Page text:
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Good article Barnstokkr has been listed as one of the Philosophy and religion good articles under the good article criteria. If you can improve it further, please do so. If it no longer meets these criteria, you can reassess it.
Article milestones
Date Process Result
October 18, 2008 Good article nominee Listed
Did You Know A fact from this article appeared on Wikipedia's Main Page in the "Did you know?" column on October 24, 2008.
WikiProject Norse history and culture (Rated GA-class, Mid-importance)
WikiProject icon This article is within the scope of WikiProject Norse history and culture, a WikiProject related to all activities of the North Germanic peoples, both in Scandinavia and abroad, prior to the formation of the Kalmar Union in 1397. If you would like to participate, you can edit the article attached to this page, or visit the project page, where you can join the project and/or contribute to the discussion.
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GA Review[edit]

This review is transcluded from Talk:Barnstokkr/GA1. The edit link for this section can be used to add comments to the review.

Hi! I will be reviewing this article for GA, and should have the full review up soon. Dana boomer (talk) 20:28, 17 October 2008 (UTC)

GA review (see here for criteria)
  1. It is reasonably well written.
    a (prose): b (MoS):
  2. It is factually accurate and verifiable.
    a (references): b (citations to reliable sources): c (OR):
  3. It is broad in its coverage.
    a (major aspects): b (focused):
  4. It follows the neutral point of view policy.
    Fair representation without bias:
  5. It is stable.
    No edit wars etc.:
  6. It is illustrated by images, where possible and appropriate.
    a (images are tagged and non-free images have fair use rationales): b (appropriate use with suitable captions):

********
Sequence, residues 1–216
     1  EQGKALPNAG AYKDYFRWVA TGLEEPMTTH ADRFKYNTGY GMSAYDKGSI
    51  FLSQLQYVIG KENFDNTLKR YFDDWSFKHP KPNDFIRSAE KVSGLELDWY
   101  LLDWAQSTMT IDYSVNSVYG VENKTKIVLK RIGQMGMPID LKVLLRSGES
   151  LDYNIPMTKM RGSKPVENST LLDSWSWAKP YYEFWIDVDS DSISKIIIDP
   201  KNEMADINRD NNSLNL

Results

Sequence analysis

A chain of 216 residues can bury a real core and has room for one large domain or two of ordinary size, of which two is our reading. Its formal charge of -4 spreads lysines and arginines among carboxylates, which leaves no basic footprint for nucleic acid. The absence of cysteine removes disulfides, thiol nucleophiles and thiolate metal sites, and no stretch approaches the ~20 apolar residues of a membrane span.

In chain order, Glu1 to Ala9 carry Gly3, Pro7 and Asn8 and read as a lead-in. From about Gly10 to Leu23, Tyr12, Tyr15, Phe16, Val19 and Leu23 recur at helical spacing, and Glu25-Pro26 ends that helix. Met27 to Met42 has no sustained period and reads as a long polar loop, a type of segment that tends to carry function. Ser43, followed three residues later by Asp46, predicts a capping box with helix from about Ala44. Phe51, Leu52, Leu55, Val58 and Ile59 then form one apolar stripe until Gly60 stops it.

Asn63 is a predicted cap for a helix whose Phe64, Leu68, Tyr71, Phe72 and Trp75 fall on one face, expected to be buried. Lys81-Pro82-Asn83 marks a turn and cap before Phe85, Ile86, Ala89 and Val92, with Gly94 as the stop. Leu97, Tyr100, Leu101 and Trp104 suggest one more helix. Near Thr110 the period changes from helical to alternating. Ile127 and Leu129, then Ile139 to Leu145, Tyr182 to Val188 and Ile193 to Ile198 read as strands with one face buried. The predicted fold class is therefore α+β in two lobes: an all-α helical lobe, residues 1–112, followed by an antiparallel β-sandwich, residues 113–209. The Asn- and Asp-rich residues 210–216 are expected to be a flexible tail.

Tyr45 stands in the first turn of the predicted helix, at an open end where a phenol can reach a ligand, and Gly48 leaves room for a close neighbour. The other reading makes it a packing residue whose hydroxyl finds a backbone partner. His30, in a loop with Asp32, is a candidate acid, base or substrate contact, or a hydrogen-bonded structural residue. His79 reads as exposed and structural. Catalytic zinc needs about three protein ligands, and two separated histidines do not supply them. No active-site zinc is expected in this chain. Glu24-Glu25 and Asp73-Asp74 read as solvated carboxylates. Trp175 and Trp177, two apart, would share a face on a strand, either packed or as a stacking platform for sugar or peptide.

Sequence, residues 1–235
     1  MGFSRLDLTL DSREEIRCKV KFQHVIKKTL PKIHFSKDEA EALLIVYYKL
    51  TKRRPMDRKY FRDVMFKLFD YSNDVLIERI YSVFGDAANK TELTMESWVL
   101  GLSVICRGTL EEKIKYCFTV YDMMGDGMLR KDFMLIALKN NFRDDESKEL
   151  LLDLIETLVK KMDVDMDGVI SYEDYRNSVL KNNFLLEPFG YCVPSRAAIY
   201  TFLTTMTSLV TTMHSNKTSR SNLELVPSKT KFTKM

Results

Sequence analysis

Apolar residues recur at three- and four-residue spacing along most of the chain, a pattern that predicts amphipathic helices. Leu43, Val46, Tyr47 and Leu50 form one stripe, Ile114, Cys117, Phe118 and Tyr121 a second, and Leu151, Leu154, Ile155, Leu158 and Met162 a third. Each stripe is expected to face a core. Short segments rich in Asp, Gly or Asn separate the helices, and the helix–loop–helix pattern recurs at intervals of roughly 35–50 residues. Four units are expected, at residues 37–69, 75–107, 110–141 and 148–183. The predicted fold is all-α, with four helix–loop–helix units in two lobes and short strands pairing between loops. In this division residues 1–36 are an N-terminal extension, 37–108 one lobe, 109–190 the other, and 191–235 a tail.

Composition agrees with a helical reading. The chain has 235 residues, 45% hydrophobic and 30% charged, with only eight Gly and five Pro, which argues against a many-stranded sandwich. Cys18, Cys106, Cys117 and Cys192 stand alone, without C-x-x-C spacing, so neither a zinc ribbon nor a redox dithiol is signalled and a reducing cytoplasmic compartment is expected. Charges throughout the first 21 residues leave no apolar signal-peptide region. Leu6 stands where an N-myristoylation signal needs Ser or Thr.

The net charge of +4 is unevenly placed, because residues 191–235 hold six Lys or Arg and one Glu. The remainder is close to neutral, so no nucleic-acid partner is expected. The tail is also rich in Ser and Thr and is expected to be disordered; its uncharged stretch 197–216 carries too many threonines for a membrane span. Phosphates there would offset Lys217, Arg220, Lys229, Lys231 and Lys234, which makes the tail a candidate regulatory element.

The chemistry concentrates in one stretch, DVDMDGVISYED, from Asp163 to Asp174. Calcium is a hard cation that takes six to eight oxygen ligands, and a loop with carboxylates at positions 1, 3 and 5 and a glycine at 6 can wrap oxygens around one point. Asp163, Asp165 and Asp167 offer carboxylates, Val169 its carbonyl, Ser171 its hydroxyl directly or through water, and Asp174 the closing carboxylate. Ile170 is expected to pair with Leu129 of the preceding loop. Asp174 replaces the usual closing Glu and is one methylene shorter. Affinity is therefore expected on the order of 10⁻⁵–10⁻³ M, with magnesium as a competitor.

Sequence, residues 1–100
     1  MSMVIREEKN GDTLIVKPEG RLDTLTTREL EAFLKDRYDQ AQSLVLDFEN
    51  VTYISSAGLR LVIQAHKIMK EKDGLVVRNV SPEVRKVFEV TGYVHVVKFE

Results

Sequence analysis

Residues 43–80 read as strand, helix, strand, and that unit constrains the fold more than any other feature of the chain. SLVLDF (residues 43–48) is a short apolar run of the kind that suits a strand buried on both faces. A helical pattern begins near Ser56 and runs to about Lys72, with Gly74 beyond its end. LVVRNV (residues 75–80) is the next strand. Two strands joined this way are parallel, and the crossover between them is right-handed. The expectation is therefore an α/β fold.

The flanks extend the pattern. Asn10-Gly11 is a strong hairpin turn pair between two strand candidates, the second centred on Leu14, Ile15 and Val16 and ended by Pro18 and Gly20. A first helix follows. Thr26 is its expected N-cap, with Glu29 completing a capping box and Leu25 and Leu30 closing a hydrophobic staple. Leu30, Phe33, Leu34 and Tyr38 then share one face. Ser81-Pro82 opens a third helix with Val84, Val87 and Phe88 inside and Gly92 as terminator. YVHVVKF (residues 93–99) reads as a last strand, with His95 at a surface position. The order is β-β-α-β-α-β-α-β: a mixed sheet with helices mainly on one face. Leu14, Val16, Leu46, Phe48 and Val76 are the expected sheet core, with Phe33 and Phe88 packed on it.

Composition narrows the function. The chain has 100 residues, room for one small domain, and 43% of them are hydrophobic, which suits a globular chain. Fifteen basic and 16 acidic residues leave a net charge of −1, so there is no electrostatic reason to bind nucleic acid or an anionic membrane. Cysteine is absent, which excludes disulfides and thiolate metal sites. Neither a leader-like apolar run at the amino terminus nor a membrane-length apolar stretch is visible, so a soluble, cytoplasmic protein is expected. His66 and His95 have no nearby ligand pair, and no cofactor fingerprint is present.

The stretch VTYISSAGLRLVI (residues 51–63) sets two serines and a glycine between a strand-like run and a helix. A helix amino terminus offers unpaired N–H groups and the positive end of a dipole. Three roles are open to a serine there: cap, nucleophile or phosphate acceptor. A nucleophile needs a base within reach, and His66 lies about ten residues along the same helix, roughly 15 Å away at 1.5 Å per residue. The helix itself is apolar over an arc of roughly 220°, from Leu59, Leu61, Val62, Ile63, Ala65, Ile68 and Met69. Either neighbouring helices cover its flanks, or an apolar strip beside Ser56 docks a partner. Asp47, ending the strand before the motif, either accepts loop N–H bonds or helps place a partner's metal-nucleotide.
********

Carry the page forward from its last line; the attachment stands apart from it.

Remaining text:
7. Overall:

Everything looks good, so I am passing this article to GA status. Another great article, very nice work! Dana boomer (talk) 20:35, 17 October 2008 (UTC)

Thanks again, glad you liked it! :bloodofox: (talk) 01:46, 18 October 2008 (UTC)

Clasping of tree during birth[edit]

I found this while looking through an issue of Maal og Minne (1916:6). I was wondering where Davidson and the other scholars got the record of women clasping the farm tree from, I have not seen them sourcing it. Maybe I have not looked good enough. Anyway, I suppose I've found at least a fragment of it here:

Om vård-trädet meddeler Hyltén-Cavallius (I, s. 357) den interessante oplysning, at «det har . . . varit folksed i Wärend, att barnsängsqvinnor i sin nöd omfamnat Vård-trädet, for att få lindrig barnsbörd». Slegtens liv var saaledes nøie knyttet til det hellige træ paa gaarden — paa en maate, som let bringer en til at tænke paa det omstridte Barnstokkr d. e. barnestok, barne-stamme, i kong Volsungs hal (Völs. saga, kap. 2), hvorpaa Volsunge-ættens trivsel synes at ha beroet.

That is:

Hyltén-Cavallius ([Wärend och Wirdarne, volume] I, p. 357) tells some interesting information about the guardian tree, that "it has . . . been a custom in Värend, that birth-giving women in their dispair embraced the guardian tree, to have relief in their childbirth." The life of the kin was thus tightly connected to the sacred tree at the farm, in a way that makes you think about the controversial Barnstokkr, i.e. child-log, child-trunk, in king Volsung's hall. (Völs. saga, kap. 2), which the prosperity of the Völsung kin seems to have depended on.

Perhaps not the best translation, so if someone who understands the original text sees a mistake in the translation, please correct it. –Holt TC 22:13, 18 October 2008 (UTC)

Very interesting. This is definitely an area we could expand upon in this article. Good work! :bloodofox: (talk) 21:56, 19 October 2009 (UTC)

"Branstokkr" or "Brandstokkr"?[edit]

Brandr being an Old Norse term meaning "sword blade" among other things, I've seen renderings of the name switching the r and n order, which of course is pertinent to the story. But are they based on actual texts or extrapolations, or even typos? — Preceding unsigned comment added by (talk) 15:02, 27 December 2011 (UTC)

Have a look at Jesse Byock's commentary on the "theories" section, I believe it addresses this. :bloodofox: (talk) 17:01, 27 December 2011 (UTC)